The Court has moved slowly to require execution of its mandate, but is out of patience. Nevertheless, the latest push for action appears intended to force the elected government to acknowledge the Court as an equal branch of government, rather than to create a crisis that could lead to a military takeover.

The Chief Justice wants the rule of law institutionalized as a counterweight to military usurpation of the Constitution. In his view, there are now no institutional impediments to another military coup in that the elected government survives at military sufferance. The Chief Justice intends to establish those blocks which will make military intervention a constitutional crime that can never be excused, as was done by Musharraf's tampering with the Court.

Late update. The Supreme Court accepted a government request to suspend the hearing about the implementation of its order regarding the National Reconciliation Order (NRO) sentences.

The Court agreed to continue the case until 13 October. In return, President Zardari, Prime Minister Gilani and Chief of Army Staff General Kayani met and agreed to settle all issues resulting from the Court's order in accordance with the Constitution. Unidentified sources said the three officials agreed there would be no compromises on good governance.

Comment: This past weekend Musharraf announced his forthcoming return to Pakistan from London to establish a new political party. Musharraf continues to regard himself in messianic terms, as the savior of Pakistan.

The action of the Court and the legislative and executive branches of government plus the Army ensures that any Musharraf interlopers and holdovers will be ejected from the government. Musharraf hand picked General Kayani, but Kayani has proven to be his own man, with the strong support of Prime Minister Gilani.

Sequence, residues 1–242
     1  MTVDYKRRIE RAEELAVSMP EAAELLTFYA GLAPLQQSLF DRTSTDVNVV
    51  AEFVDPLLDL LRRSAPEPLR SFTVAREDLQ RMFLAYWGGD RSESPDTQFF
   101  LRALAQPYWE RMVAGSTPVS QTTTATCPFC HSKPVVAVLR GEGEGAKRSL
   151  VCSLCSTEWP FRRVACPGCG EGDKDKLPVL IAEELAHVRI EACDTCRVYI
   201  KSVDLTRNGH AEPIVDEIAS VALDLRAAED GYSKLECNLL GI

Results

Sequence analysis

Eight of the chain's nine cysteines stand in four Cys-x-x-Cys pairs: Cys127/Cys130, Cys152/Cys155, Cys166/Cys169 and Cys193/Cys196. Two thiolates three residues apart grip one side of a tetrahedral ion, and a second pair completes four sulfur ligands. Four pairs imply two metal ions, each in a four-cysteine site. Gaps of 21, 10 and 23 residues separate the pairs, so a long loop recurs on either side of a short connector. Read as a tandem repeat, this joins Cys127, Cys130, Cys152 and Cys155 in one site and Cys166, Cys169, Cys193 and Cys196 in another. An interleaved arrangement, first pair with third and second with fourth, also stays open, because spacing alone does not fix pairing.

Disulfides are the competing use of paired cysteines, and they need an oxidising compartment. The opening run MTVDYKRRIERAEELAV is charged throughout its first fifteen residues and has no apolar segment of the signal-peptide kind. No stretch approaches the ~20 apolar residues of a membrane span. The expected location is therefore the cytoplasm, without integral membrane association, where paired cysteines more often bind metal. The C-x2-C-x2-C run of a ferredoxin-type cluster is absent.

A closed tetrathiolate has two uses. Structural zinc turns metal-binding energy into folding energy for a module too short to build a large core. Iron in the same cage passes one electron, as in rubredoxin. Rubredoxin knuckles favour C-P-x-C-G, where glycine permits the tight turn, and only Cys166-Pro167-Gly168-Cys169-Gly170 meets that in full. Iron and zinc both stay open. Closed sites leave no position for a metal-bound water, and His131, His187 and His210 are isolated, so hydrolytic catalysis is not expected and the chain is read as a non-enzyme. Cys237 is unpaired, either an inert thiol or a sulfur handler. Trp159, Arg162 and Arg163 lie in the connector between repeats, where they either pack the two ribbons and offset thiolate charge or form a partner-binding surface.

France-Burkina Fasso: A detachment from the French Special Operations Command (COS) -- reportedly 100 men -- has staged in Ouagadougou, the capital of Burkina Faso, as a contingency for a possible rescue of the seven hostages, five of them French, kidnapped in Arlit, Niger, by an al Qaida affiliate, according to a French internet news source. This joint forces detachment reportedly is supported by at least 8 transport aircraft and helicopters.

According to the source, the special forces detachment deployed from Mauritania, where it had been training Mauritania's special forces, and has been reinforced by elements sent from France.

Comment: This report is the second indicating the French are positioning commandos for a possible rescue operation. Last week a unit reportedly arrived in Niamey, Niger, for the same purpose. Naturally, the French Ministry of Defense has denied the deployments and their purpose. Expect a rescue attempt as soon as the French have sufficiently detailed information on the location of the hostages.

Venezuela: For the record. President Hugo Chavez's socialist party won at least 90 of the 165 seats in the National Assembly, while the opposition coalition won at least 59 seats, National Electoral Council chief Tibisay Lucena said 27 September. The opposition protested that it won a majority of the popular vote. The seat total is what counts, not the popular vote. The outcome was not in doubt. This is a study in democracy.

NightWatch Special Announcement:

Kforce Government Solutions (KGS) is pleased to announce that it will sponsor the first ever short course entitled "NightWatch Concepts of Analysis" on the afternoon of 29 September at the AFCEA auditorium. The Instructor/Facilitator will be Mr. John F. McCreary, founder of NightWatch.

Please follow the link below to register for the course and to obtain further information about the course, the instructor, the location and the fee schedule.

www.kforcegov.com/Services/IS/NightWatch/IntelligenceAnalysisCourse.aspx

End of NightWatch for 27 September.

NightWatch is brought to you by Kforce Government Solutions, Inc. (KGS), a leader in government problem-solving, Data Confidence® and intelligence. Views and opinions expressed in NightWatch are solely those of the author, and do not necessarily represent those of KGS, its management, or affiliates.